Ridehailing firm Grab Malaysia said in a statement to A+M that commuters in Malaysia continue to have "choice" in transport options. This comes after multiple media such as Bloomberg and ST, reported that Malaysia Competition Commission (MyCC) CEO Iskandar Ismail has committed to step up anti-competition probe over its acquisition of Uber.
In response to the concerns, a company spokesperson explained that Malaysians can choose to travel to their destinations through public transport, street-hail taxis or more than 30 other licensed e-hailing apps currently. Additionally, Grab has "fully cooperated" with MyCC in its request for information, but has "not been made aware of any breach of competition laws".
"Grab proceeded with the Uber acquisition in the good faith belief that the acquisition will create more efficiencies and benefits for the public in the e-hailing sector," added the spokesperson. Grab, according to her, plays a "complementary role in the entire public transportation ecosystem" in Malaysia, most often serving the first-mile-last-mile needs of commuters to and from public transit.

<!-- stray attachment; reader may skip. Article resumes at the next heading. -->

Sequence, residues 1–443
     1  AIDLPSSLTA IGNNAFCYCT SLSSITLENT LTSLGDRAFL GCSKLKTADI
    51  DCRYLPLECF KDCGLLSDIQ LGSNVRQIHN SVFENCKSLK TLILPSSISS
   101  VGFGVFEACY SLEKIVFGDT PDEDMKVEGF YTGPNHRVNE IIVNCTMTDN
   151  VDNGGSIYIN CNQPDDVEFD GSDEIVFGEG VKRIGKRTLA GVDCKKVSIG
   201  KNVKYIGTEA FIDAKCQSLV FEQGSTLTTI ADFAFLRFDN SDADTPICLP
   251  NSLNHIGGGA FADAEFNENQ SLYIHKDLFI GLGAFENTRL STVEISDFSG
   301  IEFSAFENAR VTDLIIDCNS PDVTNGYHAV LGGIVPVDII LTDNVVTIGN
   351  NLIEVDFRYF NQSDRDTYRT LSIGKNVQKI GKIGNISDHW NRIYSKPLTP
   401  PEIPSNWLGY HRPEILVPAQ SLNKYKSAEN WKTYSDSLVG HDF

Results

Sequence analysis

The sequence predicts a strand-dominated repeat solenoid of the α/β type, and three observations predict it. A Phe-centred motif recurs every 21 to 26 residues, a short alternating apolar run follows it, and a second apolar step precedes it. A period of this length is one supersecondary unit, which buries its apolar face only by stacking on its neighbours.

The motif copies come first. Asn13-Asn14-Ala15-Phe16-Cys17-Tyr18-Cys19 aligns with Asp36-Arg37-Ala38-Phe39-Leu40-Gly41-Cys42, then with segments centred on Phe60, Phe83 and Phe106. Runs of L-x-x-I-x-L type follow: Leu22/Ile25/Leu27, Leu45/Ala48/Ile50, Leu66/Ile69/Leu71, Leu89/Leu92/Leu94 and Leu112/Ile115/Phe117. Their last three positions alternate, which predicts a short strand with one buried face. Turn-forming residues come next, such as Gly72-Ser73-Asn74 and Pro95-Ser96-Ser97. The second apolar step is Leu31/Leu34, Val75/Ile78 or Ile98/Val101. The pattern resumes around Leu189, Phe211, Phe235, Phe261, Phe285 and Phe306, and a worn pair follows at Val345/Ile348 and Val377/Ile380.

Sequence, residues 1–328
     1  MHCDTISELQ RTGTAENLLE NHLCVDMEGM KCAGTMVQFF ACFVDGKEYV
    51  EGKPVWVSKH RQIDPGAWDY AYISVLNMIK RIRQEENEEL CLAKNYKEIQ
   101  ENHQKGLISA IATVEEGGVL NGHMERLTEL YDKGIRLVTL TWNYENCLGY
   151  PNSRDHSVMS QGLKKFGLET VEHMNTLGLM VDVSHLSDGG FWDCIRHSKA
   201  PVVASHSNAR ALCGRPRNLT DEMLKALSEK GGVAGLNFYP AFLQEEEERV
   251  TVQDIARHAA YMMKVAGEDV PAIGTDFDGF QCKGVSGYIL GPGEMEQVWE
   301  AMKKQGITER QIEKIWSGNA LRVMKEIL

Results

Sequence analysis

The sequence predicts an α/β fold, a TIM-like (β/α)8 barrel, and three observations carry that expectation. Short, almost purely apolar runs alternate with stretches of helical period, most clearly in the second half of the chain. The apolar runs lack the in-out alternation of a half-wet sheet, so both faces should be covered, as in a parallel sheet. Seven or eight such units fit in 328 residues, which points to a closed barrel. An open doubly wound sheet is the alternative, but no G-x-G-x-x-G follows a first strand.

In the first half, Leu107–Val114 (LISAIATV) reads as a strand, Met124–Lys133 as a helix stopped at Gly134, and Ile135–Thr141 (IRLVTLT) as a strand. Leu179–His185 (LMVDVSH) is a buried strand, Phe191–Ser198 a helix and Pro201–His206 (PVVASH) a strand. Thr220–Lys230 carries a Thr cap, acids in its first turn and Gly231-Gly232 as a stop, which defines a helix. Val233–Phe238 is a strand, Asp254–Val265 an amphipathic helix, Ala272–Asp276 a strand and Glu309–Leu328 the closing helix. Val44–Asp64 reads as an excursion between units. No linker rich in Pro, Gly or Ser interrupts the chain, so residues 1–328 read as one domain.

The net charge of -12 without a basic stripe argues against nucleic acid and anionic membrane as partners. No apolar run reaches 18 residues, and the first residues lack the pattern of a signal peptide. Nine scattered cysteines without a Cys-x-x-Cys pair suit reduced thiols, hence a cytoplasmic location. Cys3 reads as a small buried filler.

The government first announced its investigation last July after receiving numerous complaints on Grab raising its fares since the merger. Grab had previously said the acquisition, which took place in March 2018, aims t0 “improve and elevate” the standards of local land public transportation infrastructure and services.
Across the border, the Competition and Consumer Commission of Singapore (CCCS) fined Grab and Uber a total of SG$13 million in September 2018 over the two firms’ merger which led to a “substantial lessening of competition” in Singapore. Grab was fined SG$6.42 million while Uber was fined SG$6.58 million.
Prior to that, CCCS concluded its investigations on the Grab-Uber sale, issuing directions to lessen the impact of the deal on drivers and riders, and to open up the market and level the playing field. It proposed the removal of Grab’s exclusivity arrangement with any taxi or chauffeured private hire car fleet in Singapore. It also proposed the removal of exclusivity obligations, lock-in periods or termination fees on all drivers who drive on Grab’s platform, or rent from Grab Rentals, Lion City Rentals or rental partners of Grab. Other proposed remedies also include the maintenance of Grab’s pre-transaction pricing algorithm and driver commission rates until competition is revived in the market, as well as requiring Uber to sell Lion City Rentals to any competitor that makes a reasonable offer.
However, soon after the proposed measures, Grab called CCCS “one-sided” for allowing new entrants to maintain or sign exclusivity arrangements with drivers, private hire rental fleet and taxi operators “without restrictions”.